There were 12 billion dollar weather disasters that have occurred during the first half of 2017, and hurricane season brought three storms that resulted in massive damage, including Harvey, Irma and Maria.
While the official damage costs are not available yet, they are expected to be billion-dollar weather disasters, according to NOAA's National Centers for Environmental Information (NCEI).
NCEI is the nation's scorekeeper in terms of addressing severe weather and climate events in their historical perspective. It tracks and evaluates climate events in the United States that have great economic and societal impacts.
According to NCEI data, tropical cyclones are the most costly of the weather and climate disasters. Since 1980, the U.S. has sustained at least 218 weather and climate disasters where overall damages/costs reached or exceeded $1 billion (including Consumer Price Index adjustment to 2017). The total cost of these 218 events exceeds $1.2 trillion. However, this total does not include the costs for Hurricanes Harvey, Irma, and Maria, which are substantial and are still being assessed, it said.
Not including hurricanes Harvey, Irma, and Maria, NCEI reports that 35 tropical cyclones have caused at least $583.5 billion in total damages—with an average of $16.7 billion per event. Accounting for just under a fifth (17 percent) of the total number of events, tropical cyclones have caused almost half (47 percent) of the total damages attributed to billion-dollar weather and climate disasters since 1980. These numbers will dramatically rise once the 2017 hurricanes costs are included.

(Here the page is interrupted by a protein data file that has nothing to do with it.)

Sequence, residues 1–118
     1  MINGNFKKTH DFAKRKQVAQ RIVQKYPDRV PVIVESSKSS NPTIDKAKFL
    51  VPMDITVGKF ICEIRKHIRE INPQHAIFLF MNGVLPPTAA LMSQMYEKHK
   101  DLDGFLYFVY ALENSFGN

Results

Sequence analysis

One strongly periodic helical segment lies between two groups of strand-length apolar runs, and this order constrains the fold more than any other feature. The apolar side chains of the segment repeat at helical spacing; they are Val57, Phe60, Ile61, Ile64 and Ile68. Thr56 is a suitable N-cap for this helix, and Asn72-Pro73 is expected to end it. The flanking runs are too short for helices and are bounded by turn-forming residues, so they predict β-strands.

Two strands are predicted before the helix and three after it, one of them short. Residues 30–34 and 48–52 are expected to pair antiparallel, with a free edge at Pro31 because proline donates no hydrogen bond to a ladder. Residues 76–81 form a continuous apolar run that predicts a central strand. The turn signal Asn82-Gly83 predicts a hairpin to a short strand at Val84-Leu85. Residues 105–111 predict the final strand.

Following tropical cyclones, the most costly event types are:
- Drought, with an average cost of $9.4 billion per event
- Flooding, with an average cost of $4.3 billion per event
- Freezes, with an average cost of $3.4 billion per event
- Winter storms, with an average cost of $3.1 billion per event
- Wildfires, with an average cost of $2.5 billion per event
- Severe storms, with an average cost of $2.2 billion per event
In addition, said NCEI, wildfires are most common west of the Plains states and in several Southeastern states. Inland flood events—not caused by tropical cyclones—often occur in states near large rivers or the Gulf of Mexico, which is a warm source of moisture to fuel rainstorms. Drought impacts are mostly focused in the Southern and Plains states where crop and livestock assets are densely populated. Severe local storm events are common across the Plains, Southeast, and Ohio River Valley states. And, winter storm impacts are concentrated in the Northeastern states while tropical cyclone impacts range from Texas to New England but also impact many inland states.
In total, the Central, South, and Southeast regions typically experience a higher frequency of billion-dollar disasters than other regions.